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Billionaire real estate investor Sam Zell continues to pull no punches on the problems for commercial real estate developers, in large part caused by them sitting on scores of abandoned former retail sites.

"In the last 12 months the liquidity of the commercial real estate market has definitely been reduced," Zell told a crowd of onlookers at the SALT conference on Wednesday. "Twelve months ago we would be liquidating and put a property up for sale, we'd get ten buyers -- now we put a property up for sale and we look for a buyer. Again, the question is where is the demand? The demand is not growing commensurate with our ability to create new space."

Zell's comments are in line to ones he made to TheStreet just a few weeks ago. 

"I doubt they can find other viable tenants, other tenants that can generate the type of traffic that a Macy's (M) - Get Macy's, Inc. Report or a Sears (SHLD) have historically created," Zell told TheStreet about developers holding mall-based real estate. 

Zell's blunt comments are rooted in a heavy dose of commonsense. A wave of retail bankruptcies and mass stores closures by companies like Macy's due to the shift to online shopping has caused a ton of new commercial property to come onto the market in the U.S. Finding takers for the space -- much of which is in rural towns experiencing population shifts back to cities -- will likely prove hard.

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So far in May, announced store closings are nearly twice that of this time last year, while announced openings are up 20%, according to new data from global think tank Fun Global Retail & Technology. Overall, closings have been announced for 3,296 stores this year, up a disturbing 97% year-over-year. Most of the shuttered stores have come from the department and specialty store categories.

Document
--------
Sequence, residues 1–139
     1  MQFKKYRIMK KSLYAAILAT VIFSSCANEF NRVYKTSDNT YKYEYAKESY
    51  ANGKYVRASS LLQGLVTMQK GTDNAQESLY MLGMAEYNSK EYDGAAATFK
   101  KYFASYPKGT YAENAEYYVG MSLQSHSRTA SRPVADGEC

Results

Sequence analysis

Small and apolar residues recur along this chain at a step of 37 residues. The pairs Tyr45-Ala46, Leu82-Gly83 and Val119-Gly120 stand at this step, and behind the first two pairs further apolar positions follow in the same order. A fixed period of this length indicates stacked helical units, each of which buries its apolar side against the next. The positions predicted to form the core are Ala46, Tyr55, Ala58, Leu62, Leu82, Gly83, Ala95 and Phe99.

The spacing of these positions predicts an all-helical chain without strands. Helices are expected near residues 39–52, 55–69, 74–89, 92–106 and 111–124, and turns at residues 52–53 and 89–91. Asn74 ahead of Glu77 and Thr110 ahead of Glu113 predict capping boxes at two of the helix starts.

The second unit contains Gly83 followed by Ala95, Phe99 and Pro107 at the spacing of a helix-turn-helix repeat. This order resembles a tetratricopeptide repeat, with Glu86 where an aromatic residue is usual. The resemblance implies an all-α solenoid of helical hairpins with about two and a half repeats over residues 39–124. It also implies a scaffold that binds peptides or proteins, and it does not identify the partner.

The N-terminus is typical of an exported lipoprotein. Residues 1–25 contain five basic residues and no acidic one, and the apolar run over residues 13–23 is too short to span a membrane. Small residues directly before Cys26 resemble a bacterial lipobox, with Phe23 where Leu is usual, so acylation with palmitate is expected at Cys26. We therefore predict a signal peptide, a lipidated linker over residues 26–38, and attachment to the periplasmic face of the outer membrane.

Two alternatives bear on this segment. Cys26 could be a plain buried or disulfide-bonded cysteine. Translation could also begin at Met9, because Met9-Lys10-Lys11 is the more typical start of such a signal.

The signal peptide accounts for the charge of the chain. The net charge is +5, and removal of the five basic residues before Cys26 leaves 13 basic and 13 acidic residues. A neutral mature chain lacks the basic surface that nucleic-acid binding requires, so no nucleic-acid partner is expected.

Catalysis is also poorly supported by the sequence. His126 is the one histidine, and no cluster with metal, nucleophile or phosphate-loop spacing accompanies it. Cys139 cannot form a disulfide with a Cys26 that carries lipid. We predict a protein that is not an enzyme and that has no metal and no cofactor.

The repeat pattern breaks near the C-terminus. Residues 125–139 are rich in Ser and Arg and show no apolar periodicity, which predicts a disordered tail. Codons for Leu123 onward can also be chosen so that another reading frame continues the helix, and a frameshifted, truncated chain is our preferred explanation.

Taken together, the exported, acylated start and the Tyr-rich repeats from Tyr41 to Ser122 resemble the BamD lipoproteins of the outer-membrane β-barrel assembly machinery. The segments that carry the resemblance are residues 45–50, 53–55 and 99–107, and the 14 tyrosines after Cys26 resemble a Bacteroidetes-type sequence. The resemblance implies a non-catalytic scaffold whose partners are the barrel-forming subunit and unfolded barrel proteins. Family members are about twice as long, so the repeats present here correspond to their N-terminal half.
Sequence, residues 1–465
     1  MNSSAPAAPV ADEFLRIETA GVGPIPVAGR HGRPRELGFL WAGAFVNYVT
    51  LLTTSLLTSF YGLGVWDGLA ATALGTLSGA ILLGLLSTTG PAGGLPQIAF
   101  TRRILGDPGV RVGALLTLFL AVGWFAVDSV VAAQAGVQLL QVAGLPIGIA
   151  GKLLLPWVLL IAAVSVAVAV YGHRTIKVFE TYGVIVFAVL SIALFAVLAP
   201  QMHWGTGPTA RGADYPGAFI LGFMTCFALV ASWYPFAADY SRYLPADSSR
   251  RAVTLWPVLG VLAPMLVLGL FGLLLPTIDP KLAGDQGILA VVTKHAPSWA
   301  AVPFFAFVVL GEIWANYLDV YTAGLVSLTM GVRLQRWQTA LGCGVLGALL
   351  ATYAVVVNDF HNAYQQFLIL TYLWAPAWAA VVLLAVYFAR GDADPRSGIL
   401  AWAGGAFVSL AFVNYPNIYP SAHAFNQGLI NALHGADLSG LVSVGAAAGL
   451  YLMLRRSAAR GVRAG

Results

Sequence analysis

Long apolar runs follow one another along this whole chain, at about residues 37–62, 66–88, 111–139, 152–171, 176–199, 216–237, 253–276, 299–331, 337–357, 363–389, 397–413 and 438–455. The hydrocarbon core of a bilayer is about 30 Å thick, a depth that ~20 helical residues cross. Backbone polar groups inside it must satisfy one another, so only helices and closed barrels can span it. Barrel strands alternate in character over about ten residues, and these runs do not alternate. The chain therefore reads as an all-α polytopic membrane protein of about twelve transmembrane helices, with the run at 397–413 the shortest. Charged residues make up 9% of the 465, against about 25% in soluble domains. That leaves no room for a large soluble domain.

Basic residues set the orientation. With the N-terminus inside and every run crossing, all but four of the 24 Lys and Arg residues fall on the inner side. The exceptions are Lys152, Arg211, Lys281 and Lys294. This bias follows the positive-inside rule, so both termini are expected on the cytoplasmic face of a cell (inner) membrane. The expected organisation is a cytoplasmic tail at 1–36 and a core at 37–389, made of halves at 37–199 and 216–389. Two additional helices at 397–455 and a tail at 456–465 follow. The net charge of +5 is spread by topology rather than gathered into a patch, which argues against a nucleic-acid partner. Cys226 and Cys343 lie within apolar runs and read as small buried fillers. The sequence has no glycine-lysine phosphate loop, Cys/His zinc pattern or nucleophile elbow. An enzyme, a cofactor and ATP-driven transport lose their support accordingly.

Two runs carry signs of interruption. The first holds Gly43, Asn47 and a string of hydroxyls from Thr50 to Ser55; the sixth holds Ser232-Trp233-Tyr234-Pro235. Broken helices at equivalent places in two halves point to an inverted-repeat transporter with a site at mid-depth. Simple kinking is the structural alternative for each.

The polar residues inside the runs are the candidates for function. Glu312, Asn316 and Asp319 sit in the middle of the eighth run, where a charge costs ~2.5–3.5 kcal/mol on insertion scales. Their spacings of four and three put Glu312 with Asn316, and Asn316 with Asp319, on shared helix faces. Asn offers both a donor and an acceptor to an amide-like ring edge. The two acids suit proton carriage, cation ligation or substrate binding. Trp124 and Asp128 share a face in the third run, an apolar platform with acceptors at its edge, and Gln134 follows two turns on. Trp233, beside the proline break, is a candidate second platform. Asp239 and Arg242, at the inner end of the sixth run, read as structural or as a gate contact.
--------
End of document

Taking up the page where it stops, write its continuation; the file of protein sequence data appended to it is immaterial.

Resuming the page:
"The industry is in the middle of a major disruption, but there are bright spots, including Bonobos' commitment to physical retail. As we've seen, some retailers are continuing to expand, even as store closures are up markedly from 2016," said Fung Global Retail & Technology Managing Director Deborah Weinswig.

Saying this year has caused some eyes to be open on the state of U.S. bricks-and-mortar retail would be an understatement.

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In February, J.C. Penney (JCP) - Get J. C. Penney Company, Inc. Reportannounced a plan to shut down 138 underperforming stores. The store closures, which are poised to be completed by July 31, represent 13% to 14% of J.C. Penney's current store base and less than 5% of annual sales.

J.C. Penney had said same-store sales at the targeted locations were "significantly below" the remaining store base and operate at a much-higher-expense rate due to poor productivity. At the same time, Macy's and Sears have continued to close stores in droves this year. 

In total, more retailers have filed for Chapter 11 protection in 2017 alone than in the entire 2016 year, and about 20 more, by TheStreet's count, have announced major store closures.

The CEO of Vornado Realty Trust (VNO) - Get Vornado Realty Trust Report , one of New York City's largest landlords, echoes Zell's downbeat assessment.

"The U.S. is grossly overstored," Vornado CEO Steven Roth penned in his recent annual letter to shareholders.

Added Roth, "I do not believe we can grow our way out of this mess," he wrote. "I believe the only fix for brick and mortar retailing is rightsizing by the closing and evaporation of, you pick the number, 10%, 20%, 30% of the weakest space. This very painful process will surely take more than five years. It will also create enormous opportunity for those with the capital and management platforms to feed on the carnage."

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